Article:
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Sediment Filters and Sediment Chambers

Minimum Measure: Construction Site Stormwater Runoff Control

Subcategory: Sediment Control

Description

Sediment filters are sediment-trapping devices typically used to remove pollutants (mainly particulates) from stormwater runoff. Sediment filters have four components: (1) inflow regulation, (2) pretreatment, (3) filter bed, and (4) outflow mechanism. Sediment chambers are one component of a sediment filter system.

Inflow regulation is diverting stormwater runoff into the sediment-trapping device. After runoff enters the filter system, it enters a pretreatment sedimentation chamber. This chamber is used as a preliminary settling area for large debris and sediments. It is usually no more than a wet detention basin. As water reaches a predetermined level, it flows over a weir into a bed of some filter medium. The medium is typically sand, but it can consist of sand, soil, gravel, peat, compost, or a combination. The filter bed removes small sediments and other pollutants from the stormwater as it percolates through the filter medium. Finally, treated flow exits the sediment filter system via an outflow mechanism. It returns to the stormwater conveyance system.

Sediment filter systems can be confined or unconfined, on-line or off-line, and aboveground or belowground. Confined sediment filters are constructed with the filter medium contained in a structure, often a concrete vault. Unconfined sediment filters are made without a confining structure. For example, sand might be placed on the banks of a permanent wet pond detention system to create an unconfined filter. On-line systems retain stormwater in its original stream channel or storm drain system. Off-line systems divert stormwater.

Applicability

Sediment filters might be a good alternative for small construction sites where a wet pond is being considered as a sediment-trapping device. They are widely applicable, and they can be used in urban areas with large amounts of highly impervious area. Confined sand filters are man-made systems, so they can be applied to most development sites and have few constraining factors (MWCOG, 1992). However, for all sediment filter systems, the drainage area to be serviced should be no more than 10 acres.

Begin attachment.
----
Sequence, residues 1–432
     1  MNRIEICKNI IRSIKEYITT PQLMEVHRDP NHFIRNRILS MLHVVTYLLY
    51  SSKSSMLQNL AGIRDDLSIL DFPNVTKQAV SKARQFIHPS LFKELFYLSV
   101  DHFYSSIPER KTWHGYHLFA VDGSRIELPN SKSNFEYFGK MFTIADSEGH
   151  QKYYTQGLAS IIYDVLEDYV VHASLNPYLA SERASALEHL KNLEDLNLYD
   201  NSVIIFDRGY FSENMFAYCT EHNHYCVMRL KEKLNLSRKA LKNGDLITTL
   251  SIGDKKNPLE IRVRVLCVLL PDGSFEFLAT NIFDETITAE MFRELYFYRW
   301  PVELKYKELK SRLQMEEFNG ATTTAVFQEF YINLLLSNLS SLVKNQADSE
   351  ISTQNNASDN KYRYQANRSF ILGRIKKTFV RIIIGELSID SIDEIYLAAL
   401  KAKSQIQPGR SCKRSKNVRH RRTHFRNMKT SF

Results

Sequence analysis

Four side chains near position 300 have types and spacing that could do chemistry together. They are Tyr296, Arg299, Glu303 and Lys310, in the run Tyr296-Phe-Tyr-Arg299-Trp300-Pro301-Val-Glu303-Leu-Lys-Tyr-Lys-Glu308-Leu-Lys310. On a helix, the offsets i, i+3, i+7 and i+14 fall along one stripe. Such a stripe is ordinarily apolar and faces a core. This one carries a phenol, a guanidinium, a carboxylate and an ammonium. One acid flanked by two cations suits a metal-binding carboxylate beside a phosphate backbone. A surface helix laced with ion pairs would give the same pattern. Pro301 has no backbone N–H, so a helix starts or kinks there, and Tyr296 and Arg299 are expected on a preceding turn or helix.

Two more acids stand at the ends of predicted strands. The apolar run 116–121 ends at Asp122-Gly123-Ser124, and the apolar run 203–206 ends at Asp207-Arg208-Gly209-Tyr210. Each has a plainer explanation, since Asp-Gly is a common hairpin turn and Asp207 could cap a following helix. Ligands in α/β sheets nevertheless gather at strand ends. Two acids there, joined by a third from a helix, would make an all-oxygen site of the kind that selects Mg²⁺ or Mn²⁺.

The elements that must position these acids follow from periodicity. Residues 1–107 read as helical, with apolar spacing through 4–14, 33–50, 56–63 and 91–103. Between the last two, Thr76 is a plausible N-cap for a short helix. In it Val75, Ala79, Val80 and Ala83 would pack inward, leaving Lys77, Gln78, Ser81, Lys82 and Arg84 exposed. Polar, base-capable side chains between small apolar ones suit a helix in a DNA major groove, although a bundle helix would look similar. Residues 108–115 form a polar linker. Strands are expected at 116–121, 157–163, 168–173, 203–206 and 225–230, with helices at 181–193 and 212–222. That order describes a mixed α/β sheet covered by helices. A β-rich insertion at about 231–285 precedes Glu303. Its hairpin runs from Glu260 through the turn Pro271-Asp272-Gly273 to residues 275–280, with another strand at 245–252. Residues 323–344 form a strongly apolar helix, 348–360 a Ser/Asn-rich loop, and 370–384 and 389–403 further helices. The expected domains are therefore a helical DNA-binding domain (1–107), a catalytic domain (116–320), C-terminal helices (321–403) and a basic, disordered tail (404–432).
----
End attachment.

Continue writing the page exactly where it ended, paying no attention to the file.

Schematic representation of a sediment filter.

The type of filter system chosen depends on the amount of land available and the desired location. The Austin sand filter and the Delaware sand filter are examples of sediment filter systems. The Austin sand filter is a surface filter system that can be used in areas with space restrictions. If space is at a premium, an underground filter might be the best choice. For effective stormwater sediment control at the perimeter of a site, consider the Delaware sand filter. It consists of two parallel, trench-like chambers installed at a site's perimeter. The first trench (sediment chamber) provides pretreatment sediment settling before the runoff spills into the second trench (filter medium).

Siting and Design Considerations

The available space is likely to be the most important siting and design consideration. Another important consideration when deciding to install sediment-filtering systems is the amount of available head. Head is the vertical distance available between the inflow of the system and the outflow point. Because most filtering systems depend on gravity to move water through the system, if enough head is not available, the system will not be effective. It might cause more harm than good. For surface and underground sand filters, a minimum head of 5 feet is suggested (Claytor and Schueler, 1996). Perimeter sand filters like the two-chambered Delaware sand filter should have a minimum available head of 2 to 3 feet (Claytor and Schueler, 1996).